Gelatin: A Versatile Animal-Derived Gelling Molecule
Origin: Gelatin, an animal-derived, heat-
sensitive gelling molecule, finds applications in molecular gastronomy, confectionery, and even cocktail making. It is obtained through the hydrolysis of collagen, the most abundant observable animal protein. Hydrolysis, the denaturation process of any substance using water, is employed in gelatin production
Industrial gelatin is primarily derived from bovine hides and bones. These materials undergo boiling in alkaline solutions to stabilize the collagen they contain, resulting in gelatin formation. The obtained gelatin solution has its fats removed, and the remaining solution is processed into powder through evaporation, filtration, and drying.
The by-products of bovine origin used in gelatin production adhere to the quality and safety standards applied in beef production.
Properties: Gelatin's multiple properties offer a broad range of applications. As a hydrocolloid, this molecule slows down the fluidity of aqueous solutions, inducing textural changes. Gelatin exhibits thermoreversible gelation, meaning it can be melted again at high temperatures. The firmness of gels formed by gelatin is evaluated using the “Bloom” scale. Gelatin serves as both a gelling and emulsifying molecule. Additionally, it is used for water retention, emulsion stabilization, and forming protective films.
A key characteristic of gelatin is its thermoreversible gel formation. Gelatin is dissolved in liquids at approximately 50°C and then cooled below 15°C. In contrast to agar agar, gelatin begins melting at around 35°C, providing the beloved quick-melting feature in the mouth.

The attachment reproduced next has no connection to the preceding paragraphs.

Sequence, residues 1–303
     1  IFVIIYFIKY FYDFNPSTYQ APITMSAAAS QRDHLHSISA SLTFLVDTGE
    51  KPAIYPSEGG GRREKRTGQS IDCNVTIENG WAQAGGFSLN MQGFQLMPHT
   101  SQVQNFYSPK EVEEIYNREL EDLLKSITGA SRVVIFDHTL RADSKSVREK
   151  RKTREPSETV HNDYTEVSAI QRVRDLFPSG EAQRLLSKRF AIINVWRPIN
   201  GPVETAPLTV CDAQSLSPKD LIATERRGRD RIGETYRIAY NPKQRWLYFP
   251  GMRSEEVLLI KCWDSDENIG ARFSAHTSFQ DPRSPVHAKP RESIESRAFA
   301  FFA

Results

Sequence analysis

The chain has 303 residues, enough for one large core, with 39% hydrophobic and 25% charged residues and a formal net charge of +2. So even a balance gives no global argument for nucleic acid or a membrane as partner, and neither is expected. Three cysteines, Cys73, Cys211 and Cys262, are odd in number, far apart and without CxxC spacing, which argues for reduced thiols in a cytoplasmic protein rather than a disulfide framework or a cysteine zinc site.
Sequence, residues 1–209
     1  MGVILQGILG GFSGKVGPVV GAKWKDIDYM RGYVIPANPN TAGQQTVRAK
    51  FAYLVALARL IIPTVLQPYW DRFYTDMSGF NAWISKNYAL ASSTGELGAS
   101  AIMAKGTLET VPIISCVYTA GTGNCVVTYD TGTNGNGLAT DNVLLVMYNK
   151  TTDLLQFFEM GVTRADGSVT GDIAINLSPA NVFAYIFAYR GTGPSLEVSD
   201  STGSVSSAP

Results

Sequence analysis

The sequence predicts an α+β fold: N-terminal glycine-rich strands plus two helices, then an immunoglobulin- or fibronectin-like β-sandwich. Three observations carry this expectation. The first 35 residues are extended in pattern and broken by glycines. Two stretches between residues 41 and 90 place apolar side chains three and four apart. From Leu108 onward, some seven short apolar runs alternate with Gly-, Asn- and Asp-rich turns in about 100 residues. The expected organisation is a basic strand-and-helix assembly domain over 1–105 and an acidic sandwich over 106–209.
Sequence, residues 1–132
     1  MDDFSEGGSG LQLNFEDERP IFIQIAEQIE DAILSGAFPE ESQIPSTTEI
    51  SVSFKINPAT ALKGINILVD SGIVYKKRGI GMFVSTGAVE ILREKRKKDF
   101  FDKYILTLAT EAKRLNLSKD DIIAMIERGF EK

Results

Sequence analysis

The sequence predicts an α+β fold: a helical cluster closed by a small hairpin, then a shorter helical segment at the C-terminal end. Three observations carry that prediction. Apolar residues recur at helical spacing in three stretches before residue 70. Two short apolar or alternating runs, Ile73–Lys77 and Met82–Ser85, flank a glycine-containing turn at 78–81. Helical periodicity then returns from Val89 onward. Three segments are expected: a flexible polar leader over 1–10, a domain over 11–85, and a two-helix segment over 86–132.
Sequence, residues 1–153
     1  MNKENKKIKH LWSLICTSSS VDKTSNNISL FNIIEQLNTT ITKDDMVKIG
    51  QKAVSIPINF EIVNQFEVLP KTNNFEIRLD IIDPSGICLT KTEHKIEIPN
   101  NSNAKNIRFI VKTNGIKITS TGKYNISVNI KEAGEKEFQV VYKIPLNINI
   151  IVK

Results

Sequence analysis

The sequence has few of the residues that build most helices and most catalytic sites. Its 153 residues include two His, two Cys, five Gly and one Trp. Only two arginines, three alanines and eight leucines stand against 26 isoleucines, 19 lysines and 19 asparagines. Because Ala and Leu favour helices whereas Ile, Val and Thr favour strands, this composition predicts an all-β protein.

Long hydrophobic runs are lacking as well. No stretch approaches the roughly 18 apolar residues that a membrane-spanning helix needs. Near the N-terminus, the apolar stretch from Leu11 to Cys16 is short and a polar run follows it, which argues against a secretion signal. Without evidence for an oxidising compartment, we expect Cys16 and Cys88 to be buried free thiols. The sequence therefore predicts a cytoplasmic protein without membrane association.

Gelling properties can be balanced with high amounts of salt, acid, or alcohol. Gelatin should not be added to boiling solutions or frozen as it can lose its properties at high temperatures.
Industrial Applications: Gelatin finds diverse applications, such as in the silver halides suspended by gelatin on the surface of photographic films since the early days of photography. Additionally, it is used in pharmaceutical capsules, instant soups, low-fat margarine, cream, cheese, and other dairy products. Gelatin is employed in clarifying fruit juices and wines due to its ability to settle sediments.
Creative Culinary Uses: Gelatin's smoothness, shine, and flavor compatibility make it a staple in many popular meat dishes, vegetable aspics, emulsifications, gels, mousses, panna cotta, and more. Gelatin is widely used not only in industrial confectionery and pastries but also in household applications. Its gelling property is crucial in stabilizing and enhancing the texture of marshmallows and other soft candies. Adding 0.5% gelatin to liquid solutions during the ice cream process results in smaller ice crystals, providing a smoother texture to ice cream and frozen desserts.
creative cocktails: Gelatin can maintain its unique characteristics in solutions with an alcohol content of less than 40%. This makes it suitable for creating visually appealing cocktails with distinctive textures. Gelatin allows the presentation of alcoholic solutions that melt in the mouth as small, nibble-sized gels. However, in the case of gelatins that require heating, attention should be paid to maintaining the solution's alcohol content to prevent it from losing its properties.
To overcome this issue, hydrolyzed gelatin that dissolves in cold water can be used. Cold-water-soluble gelatin dissolves instantly in alcohol without requiring temperature control. To ensure even distribution, the volume of cold-water-soluble gelatin should be mixed with twice the volume of another soluble powder. Powdered sugar is commonly used for this purpose.
- Gelatin is usually sold in powder or leaf form. Leaf gelatin should be soaked in cold water, allowing it to swell and regain water before being distributed homogeneously in solutions heated to 50°C. Apart from this process, leaf gelatin can be made ready for use by squeezing out excess water and heating it in a microwave. Powdered gelatin can be added directly to hot liquids without any additional processing.
- Certain raw fruits may contain enzymatic disruptors that break protein chains, potentially neutralizing gelatin's gelling effect. Therefore, fruits like figs, peaches, kiwi, pineapple, mango, papaya, guava, etc., should be briefly cooked by holding them under hot water or subjecting them to steam before the gelling process.